Detection probabilities – back to the big picture … and a poll

I have now had two posts (both rather heavily read and rather contentiously debated in the comments) on detection probabilities (first post, second post). Whether you have or haven’t read those posts, they were fairly technical (although my goal was to explain technical issues in an accessible way).

Here I want to pull way back up to 10,000 feet and think about the boots on the ground implications. And for a change of pace, I’m not going to argue a viewpoint. I just am going to present a scenario (one I see every semester, one that I know students all over the world face from conversations when I travel) and ask readers via a poll what they would advise this student.

So you are on the committee of a graduate student. This student’s project is to study the species Debatus interminus which may be a candidate for threatened listing (little is really known). The primary goals are: 1) to assess overall occupancy levels of D. interminus and 2) to figure out how occupancy varies with four variables (vegetation height, canopy closure, soil moisture, and presence of its one known predator, Thinking clearus). Obviously these four variables are moderately collinear. Given resources, length of project, accessibility of sites, that the student is the only person able to visit the sites, etc you calculate the student can do exactly 150 visits. Various members of the committee have advised the student that she/he should:

  • Scenario A – identify 150 sites across the landscape and visit each site 1 time, then estimate ψ (occupancy), and do a simple logistic regression to give β, a vector of regression coefficients  for how ψ varies with your four variables across 150 sites.
  • Scenario B – identify 50 sites across the landscape and visit each site 3 times, then develop a simple hierarchical model of detection proabilities so you will estimate ψ (occupancy), p (detection probability), and β, a vector of regression coefficients in a logistic regression for how ψ varies with your four variables at 50 sites.

Would you advise the student to follow scenario A or B? And why? Please take our poll (should take less than 5 minutes). I am really curious what our readership will say (and I care about this poll enough that I’ve taken the time to do it in Google polls so I can cross tab the answers with basic demographics – but don’t worry your anonymity is ensured!)

Depending on level of interest I’ll either post the results in the comments or as a separate post after a few days.

And – as everybody knows – a poll in a blog is not a scientific sample, but it can still be interesting.

17 thoughts on “Detection probabilities – back to the big picture … and a poll

  1. Brian, in your poll, is the species a tree, a frog, a gastropod, or what? Without this basic information, this hardly seems like a scenario faced by “students all over the world.”

    I would say that a more important scenario is one in which a decision needs to be made based on scientific information. For example, a manager wants to spend money on conservation efforts if psi falls below 0.25. If psi=0.5 and p<0.5, the "simple" method you advocate would result in a bad decision, even if the MSE is lower than that of an occupancy model.

    More generally, I think few people will favor a method that is biased and has unreliable confidence intervals over one that does not suffer from these problems. I think you disagree in the case where MSE is lower for the simple method. That is fine. You have your opinion. But do you really need to state your opinion and call people macho-ists at the same time?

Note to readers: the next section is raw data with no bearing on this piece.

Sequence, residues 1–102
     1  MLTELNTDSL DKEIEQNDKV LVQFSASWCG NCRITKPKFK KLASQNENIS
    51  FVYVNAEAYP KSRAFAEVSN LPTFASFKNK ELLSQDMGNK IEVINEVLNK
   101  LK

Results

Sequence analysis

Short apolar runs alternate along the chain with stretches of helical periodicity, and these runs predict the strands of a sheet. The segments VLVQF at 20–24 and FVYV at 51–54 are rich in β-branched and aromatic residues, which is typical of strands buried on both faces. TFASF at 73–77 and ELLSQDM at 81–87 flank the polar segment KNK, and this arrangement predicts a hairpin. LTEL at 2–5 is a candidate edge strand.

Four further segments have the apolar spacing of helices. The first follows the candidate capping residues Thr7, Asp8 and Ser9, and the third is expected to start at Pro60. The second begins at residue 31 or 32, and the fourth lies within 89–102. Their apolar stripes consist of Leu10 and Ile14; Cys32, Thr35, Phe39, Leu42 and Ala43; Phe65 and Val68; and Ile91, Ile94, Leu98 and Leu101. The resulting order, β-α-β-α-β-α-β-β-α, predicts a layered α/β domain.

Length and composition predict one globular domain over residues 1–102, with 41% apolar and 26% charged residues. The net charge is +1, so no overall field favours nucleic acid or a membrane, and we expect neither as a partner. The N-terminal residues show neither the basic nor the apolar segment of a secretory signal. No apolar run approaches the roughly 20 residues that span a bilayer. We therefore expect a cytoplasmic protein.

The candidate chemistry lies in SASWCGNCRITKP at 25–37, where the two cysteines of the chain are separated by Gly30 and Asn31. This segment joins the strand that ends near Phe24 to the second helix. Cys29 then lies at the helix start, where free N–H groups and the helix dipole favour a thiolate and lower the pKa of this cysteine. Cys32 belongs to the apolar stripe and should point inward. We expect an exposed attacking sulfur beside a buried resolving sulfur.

• Species is intentionally left vague. If it makes a difference to your opinion you’ll have an option to specify that in the poll.

      You’re welcome to contribute your opinions. I’m curious to see what the overall opinions are.

  2. Dear Brian,

    I don’t really know anything about detection probabilities (including much of the scientific and applied questions behind the issue) but what strikes me in this discussion is that it seems to me that given the methods you have there is a certain minimum of data you need (number of sites, number of repeated visits if any, etc.) to answer questions satisfactorily. Shouldn’t you base your sampling design on those numbers and not on your resources? So instead of asking “150 site, no repeats” or “50 sites, 3 repeats” wouldn’t it be better to say” That’s what we need!”? Fair enough, resources are always limited but why not accepting the fact that some questions simply cannot be answered reliably without spending more time, more money, more man power etc.? If you don’t do that any answers will be too biased or too uncertain to be helpful. In fact such under-resourced projects may even make things worse because they can give contrary results. I guess this is actually a more general problem in ecology.
    Of course this doesn’t touch the issue of historical, already existing data, but maybe even than, you have to bite the bullet and not use them (what of course depends on your question you want to answer, about which I don’t know much, as I said).

    • Fair points, but I actually am pretty confident you can get at least a decent answer under either scenario A or B. I’m just interested in what people think would give the best answer. And I see very few projects that say tell us how much it will cost to get the right answer – it’s always we managed to find $78,000 and we need an answer (recall that most detection probabilities. Remember most of these projects at least in the US are funded by state or federal government, not NSF grants where you can apply for whatever you think you need (and then get rejected 96% of the time!).

      • Yes, you get what you pay for, this is how it is. It just concerns me when policies and decisions are made based on answers that cannot actually clarify questions at stake. Things can than easily be manipulated. In case of occupancy data, I take your word for it that 150 data points are enough no matter what, but how often is it the case that we know how much we have to invest? And how often do we base our sampling, replication, experiment duration etc. on available resources and not on statistical requirements? These are honest questions, it may be that it is rather the sort of questions we ask (at least in “basic” ecology) that is determined by resources and not the way they are answered.